We think about coming home: we miss our friends and families, it does get cold up here, and living abroad can be strange. At the same time though, we do need steady jobs for ourselves and our research.

FWIW, I don’t think we’re particularly special in this regard. Only two people from my PhD cohort are still doing research in the US (1 academic, 1 industry). The rest have gone abroad or left research, in part due to the crazy career uncertainty.

The point of the article is that the US Government employs people who do good things (science, medicine, etc.) and that capricious management(for example, government shutdowns or arbitrary censorship of research results) encourages them to leave government service and work elsewhere. This is not a new phenomenon but it is much more common under the Trump administration.




Except if you read the article, many of the protestors interviewed had PhDs

Wow. What a horrible comment.

It's understandable that there is a lot of attention on those affected by the shutdown, but what about all those who have lost their livelihoods due to illegal immigration? These are American citizens who rightly expect that their government that they pay taxes to will protect them. I keep hearing about "jobs Americans don't want to do", but I know several people who were driven from their trades due to this.

Enforcing that employers pay all employees proper (internationally competing, livable) wages regardless of nationality or immigration status, and fast tracking immigration tickets, would solve this pretty effectively.

The first part solves the fact that companies prefer immigrants due to the fact that they can pay them a lower wage, setting a minimum wage in law that is internationally competing would drive some businesses out of america, but those businesses are harmful anyway because they are exploitative towards their employees, and therefore they aim to exploit Americans.

The second aspect, fast-tracking immigration status so that immigrants can become legal citizens easier, solves the fact that some employers might abuse the status of immigrants to pay them less. It'd be trivial (and actually it is quite common already) for employers to tell their immigrant employees "Accept this shitty pay or I will report you to ICE". This completely removes that method of extortion from being viable.

If an illegally underpaying employer only hires illegal immigrants, will the crime be seen by anyone who won't lose out from reporting it?

Seems to me, if a gangmaster is supplying seasonal workers to a farm, the farmer won't report them, the gangmaster won't report themselves, and the workers won't report their employer. Who's left?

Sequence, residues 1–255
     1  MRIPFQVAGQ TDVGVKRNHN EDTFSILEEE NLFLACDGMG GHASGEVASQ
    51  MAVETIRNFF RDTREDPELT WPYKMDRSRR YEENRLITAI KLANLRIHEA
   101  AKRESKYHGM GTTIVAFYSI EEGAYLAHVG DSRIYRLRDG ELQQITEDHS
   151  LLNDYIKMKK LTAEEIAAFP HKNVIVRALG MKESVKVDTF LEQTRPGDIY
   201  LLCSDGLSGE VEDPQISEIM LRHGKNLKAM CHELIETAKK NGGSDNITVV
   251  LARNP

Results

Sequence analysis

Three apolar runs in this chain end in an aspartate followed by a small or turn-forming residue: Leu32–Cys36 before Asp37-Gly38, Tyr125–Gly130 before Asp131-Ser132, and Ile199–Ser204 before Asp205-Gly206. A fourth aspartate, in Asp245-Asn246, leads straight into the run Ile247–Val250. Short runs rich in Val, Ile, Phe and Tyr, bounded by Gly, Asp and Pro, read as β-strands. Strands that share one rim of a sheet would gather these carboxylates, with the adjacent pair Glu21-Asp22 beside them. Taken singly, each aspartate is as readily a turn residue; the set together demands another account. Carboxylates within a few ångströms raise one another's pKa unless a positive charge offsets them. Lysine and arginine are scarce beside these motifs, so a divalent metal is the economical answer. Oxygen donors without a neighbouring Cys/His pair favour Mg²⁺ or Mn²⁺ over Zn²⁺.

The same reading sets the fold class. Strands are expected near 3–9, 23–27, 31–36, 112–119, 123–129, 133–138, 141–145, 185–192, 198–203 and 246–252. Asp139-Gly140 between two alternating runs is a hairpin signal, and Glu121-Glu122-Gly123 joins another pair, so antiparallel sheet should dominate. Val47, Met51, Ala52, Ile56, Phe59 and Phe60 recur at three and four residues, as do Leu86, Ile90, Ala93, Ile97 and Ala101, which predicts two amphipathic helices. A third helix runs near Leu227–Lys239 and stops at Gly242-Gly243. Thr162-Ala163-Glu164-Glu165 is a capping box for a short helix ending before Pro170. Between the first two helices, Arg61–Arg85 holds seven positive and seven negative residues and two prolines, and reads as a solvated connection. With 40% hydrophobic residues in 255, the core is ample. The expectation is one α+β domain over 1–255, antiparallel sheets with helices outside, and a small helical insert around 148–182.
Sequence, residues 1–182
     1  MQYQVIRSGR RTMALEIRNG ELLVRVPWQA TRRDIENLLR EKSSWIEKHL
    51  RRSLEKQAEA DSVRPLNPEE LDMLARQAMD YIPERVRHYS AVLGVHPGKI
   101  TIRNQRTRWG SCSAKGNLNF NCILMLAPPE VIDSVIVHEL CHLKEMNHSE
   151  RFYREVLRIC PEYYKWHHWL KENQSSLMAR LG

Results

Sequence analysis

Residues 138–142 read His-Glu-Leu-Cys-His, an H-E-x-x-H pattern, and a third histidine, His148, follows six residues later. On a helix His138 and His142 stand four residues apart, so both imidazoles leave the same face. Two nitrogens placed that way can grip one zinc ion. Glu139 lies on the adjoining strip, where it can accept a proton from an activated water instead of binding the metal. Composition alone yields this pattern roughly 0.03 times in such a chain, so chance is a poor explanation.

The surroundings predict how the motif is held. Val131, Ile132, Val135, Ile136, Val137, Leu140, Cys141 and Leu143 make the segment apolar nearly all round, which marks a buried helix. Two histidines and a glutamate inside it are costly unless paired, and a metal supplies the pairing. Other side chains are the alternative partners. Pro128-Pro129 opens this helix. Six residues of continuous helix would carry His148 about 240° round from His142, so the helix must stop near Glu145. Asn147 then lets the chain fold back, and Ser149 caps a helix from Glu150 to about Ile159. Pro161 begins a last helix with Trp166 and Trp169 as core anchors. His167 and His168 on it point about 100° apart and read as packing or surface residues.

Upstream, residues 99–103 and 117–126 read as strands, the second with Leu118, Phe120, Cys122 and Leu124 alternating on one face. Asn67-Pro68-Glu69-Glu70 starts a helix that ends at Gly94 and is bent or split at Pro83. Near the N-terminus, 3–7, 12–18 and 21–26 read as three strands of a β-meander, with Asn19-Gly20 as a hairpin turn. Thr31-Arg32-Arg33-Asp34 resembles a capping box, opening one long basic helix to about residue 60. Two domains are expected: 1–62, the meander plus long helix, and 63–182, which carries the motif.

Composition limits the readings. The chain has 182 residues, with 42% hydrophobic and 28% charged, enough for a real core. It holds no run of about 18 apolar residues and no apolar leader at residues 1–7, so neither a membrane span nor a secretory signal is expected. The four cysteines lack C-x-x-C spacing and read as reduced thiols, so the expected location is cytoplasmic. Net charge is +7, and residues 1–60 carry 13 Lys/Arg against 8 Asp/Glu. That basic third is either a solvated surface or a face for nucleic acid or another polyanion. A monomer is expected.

It’s pretty easy. Auditing 101.

You gather data on the manpower requirements for farmer Joe, look at the payroll taxes paid by farmers with similar operations, and audit the bottom standard deviations for tax compliance.

One of the reasons that conservatives traditionally have such a hard on for the IRS is that it’s the primary agency able to detect these types of frauds. In the years they control the House, they defund IRS enforcement ability.

> If an illegally underpaying employer only hires illegal immigrants, who is going to see the crime and report it to the enforcement agency?

As I already addressed with point two, fast-tracking of immigration status to legal citizen status, is vitally important to remove this method of extortion.

So if you cross the border and join an illegally-underpaying work crew, you're guaranteed legal citizen status?

I’d be in favour of that.

I can see the point in border controls for goods (laws on what can be sold vary from place to place), and an army to stop someone else taking over, but not for individual people, be they workers, tourists, students, children, pensioners, or refugees.

Sure, why not. Maybe couple it with whistleblower incentives.

If your family has been in the US for 100+ years, I assure you that’s exactly how they got started.

Pressure the employers and focus on people overstaying after legal entry. Let the rest of the country get back to work, we are going to pay them anyways so all the shutdown has accomplished is to inconvenience people and spend a lot of money with nothing to show for it.

If your friends knew people were employing illegal immigrants they should have reported it if it bothers them. Not complain about it.

Sure - blame the victims.

There you go with that wrongthink. You’re on the wrong site buddy. In general these folks don’t care that illegal immigration disproportionately impacts native born poor and miniorities. They treat it as some kind of myth. They also act as if every gov employee is some vitally important researcher or scientist. Anybody who has ever worked in a legitimately large organization knows that you can easily lose 10-15% of the workforce and barely even notice it.